I am a new quilter (have not been at it very long) and have read and heard different thoughts on prewashing fabric before making a quilt. Any opinions/advice from veteran quilters would be very much appreciated. Thank you.
First off welcome to the club. You will love it here.
I recently finished a quilt that is an indoor hopscotch mat with many different colors and pieces of fabrics. Some of them were fabrics I had made clothing from and some of them were new. The newer pieces were not washed and the older ones for clothes were washed. I always understood that all the fabric should be washed or none of the fabric should be washed. I did wash it after I finished the quilt. It turned out beautiful. It did not make any difference one way or another. That is just my opinion. I think it's a matter of your taste. I've read a lot of information on this site as well as others. All the information I've gathered is different so I just do it my way. Good luck. Hope to see some pictures of your quilts. Again, welcome.
Georgetown, CA I'd Rather Be Quilting
I think it depends on the feel of the fabric. Sometimes I wash and sometimes I do not. If the fabric feels rough or "yucky" I wash, always in cold water with a scant tablespoon of soap, just enough to get the yucky out. DH and I visited a factory in Mass once time to see how fabric is made. Really interesting process. The fabric is washed several times during the process, mostly to get out the excess dye used int he printing process. It is also washed to "shrink" it. So when you wash your fabric the only thing you may be washing out is more excess dye. I say, make up your own mind, it it feels bad to your hand, wash it. If not, cut and sew. Whatever you decide will be the right decision for you.
i am in the prewash group. i prewash everything. i bought 7 red fabric last week most of them were in the civil war collection. all but one bled, one of the greens and one of the blues bled. you take your chances by not prewashing.
the other issue is all the chemicals they put in the fabric. i do a lot of applique and i want the sizing out so the fabric is softer and more malleable to work with. the other problem with chemicals are the added things to keep pests from eating the material before you get it. they coat the fabric with pesticides and fungicides. any cloth coming into this country is spayed on the docks before it is off loaded, and most of the fabric here is sprayed so it doesn't get eaten in the warehouses. if you have any reactions to cloth after you buy, it is probably one of these chemicals. i spend a lot of time in my sewing room, and i don't like to breathe in the fumes either.
gini in north idaho
Thank you, Melissa. I have discovered that doing it "my way" is the best method for quilting. I believe that quilters are the most happy people in the world for that very reason.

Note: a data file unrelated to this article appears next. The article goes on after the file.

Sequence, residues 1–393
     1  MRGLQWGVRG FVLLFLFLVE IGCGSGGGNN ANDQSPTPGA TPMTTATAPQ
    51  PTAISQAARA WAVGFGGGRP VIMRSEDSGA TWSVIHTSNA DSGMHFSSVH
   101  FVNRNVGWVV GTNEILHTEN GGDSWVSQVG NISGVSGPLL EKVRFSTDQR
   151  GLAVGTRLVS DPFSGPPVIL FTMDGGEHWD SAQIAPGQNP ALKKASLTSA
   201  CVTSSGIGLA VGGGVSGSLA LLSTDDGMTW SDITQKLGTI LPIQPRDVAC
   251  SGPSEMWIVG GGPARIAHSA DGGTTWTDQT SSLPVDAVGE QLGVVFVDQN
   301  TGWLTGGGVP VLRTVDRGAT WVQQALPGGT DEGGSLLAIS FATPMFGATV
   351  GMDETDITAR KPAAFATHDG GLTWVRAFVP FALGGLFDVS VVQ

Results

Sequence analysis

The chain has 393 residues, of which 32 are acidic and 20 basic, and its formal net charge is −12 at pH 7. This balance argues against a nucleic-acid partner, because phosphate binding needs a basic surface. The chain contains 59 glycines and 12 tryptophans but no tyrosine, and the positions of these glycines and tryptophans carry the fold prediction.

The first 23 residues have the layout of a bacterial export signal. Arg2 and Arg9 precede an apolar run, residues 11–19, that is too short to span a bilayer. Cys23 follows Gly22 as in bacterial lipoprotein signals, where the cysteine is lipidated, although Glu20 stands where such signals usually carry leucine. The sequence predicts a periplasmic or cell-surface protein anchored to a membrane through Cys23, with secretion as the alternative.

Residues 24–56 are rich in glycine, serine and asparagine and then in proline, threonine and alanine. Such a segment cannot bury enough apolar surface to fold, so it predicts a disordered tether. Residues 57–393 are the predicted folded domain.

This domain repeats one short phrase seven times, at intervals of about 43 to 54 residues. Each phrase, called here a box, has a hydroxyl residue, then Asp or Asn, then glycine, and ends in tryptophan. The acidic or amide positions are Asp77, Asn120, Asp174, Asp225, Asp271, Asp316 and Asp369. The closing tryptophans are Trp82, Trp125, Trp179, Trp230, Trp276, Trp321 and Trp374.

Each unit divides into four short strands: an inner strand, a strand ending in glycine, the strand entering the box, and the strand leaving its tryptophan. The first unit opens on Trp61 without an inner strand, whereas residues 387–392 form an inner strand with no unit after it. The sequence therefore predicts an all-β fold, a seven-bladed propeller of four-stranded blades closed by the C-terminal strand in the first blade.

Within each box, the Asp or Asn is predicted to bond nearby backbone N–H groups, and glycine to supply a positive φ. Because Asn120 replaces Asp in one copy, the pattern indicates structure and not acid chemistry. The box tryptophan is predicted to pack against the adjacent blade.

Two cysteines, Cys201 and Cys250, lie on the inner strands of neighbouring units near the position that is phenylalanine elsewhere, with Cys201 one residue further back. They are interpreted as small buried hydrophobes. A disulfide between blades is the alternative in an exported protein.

Thank you for your response, Sue. It appears that making up my own mind is the way to go. And, since I am new to this, I think I will start with potholders and ploace mats, wash my fabric the first time and then make another without washing to see if there is any difference in the feel of the finished product, and if there is any difference in the sewing. Appreciate your thoughts.
Thanks, Gini, for sharing information. I had not heard about the spraying the fabric with chemicals and pesticides; however, it does make sense that it needs to be done. I want to make a baby quilt, so I will wash the fabric (maybe twice) before making the quilt; and then I plan to wash the quilt before giving it to the baby's Mom and Dad to make sure there is no bleeding of the colors. I am discovering that quilting is a "do it your way" activity.
I've even used the color catch sheets when prewashing my fabrics.
Just last weekend I was at an outdoor craft event with my quilted items. Weather turned nasty and everything I make was saturated with rain before I could gather it up and put it in the car.
I am not inclined to prewash but last weekend may have changed that policy for me.
I had a basket of quilted pot holders which we made from fabric which was not prewashed. No need to prewash because I was not concerned about shrinkage on a pot holder. The basket of Christmas themed pot holders had a lot of red and the colors bled from one to another. Many were ruined because of the rain.
If for nothing else, I will be washing my red fabrics before quilting with them.
From Western New York
As stated, prewashing is a matter of preference. Color catchers would probably have taken care of the problem but I do not wash my pot holders before selling so that didn't help in this situation.
Take my experience and use this for what it is worth to you. If for nothing else, I will be washing my red fabrics before quilting with them.
i don't know about the fabric being preshrunk. i haven't had a fabric not shrink when i prewashed it. i always lose at least an inch in width with shrinkage. the fabric also moves more to "true" and the selvedges move further apart by up to several inches. when i am calculating fabric needs , because i always prewash, i take this shrinkage and moving into consideration when buying.
if your are making simpler quilts the movement of the fabric on the selvedge probably isn't an issue. if you don't care if your fabric bleeds, you probably don't need to prewash, especially on a dark quilt. if your quilt is utilitarian, you probably don't need to prewash. i do a lot of applique, i need my backgrounds stable and not moving on me after they are appliqued. i don't want setting triangles moving either. when i make a skinny border, i don't want it twisting on me after the quilt is made. if you are doing really dense quilting the movement of the fabric isn't an issue. i don't know until the top is made, how dense i want the quilting.
i just think you are safer all the way around with prewashing. i've heard way too many disaster stories from not prewashing.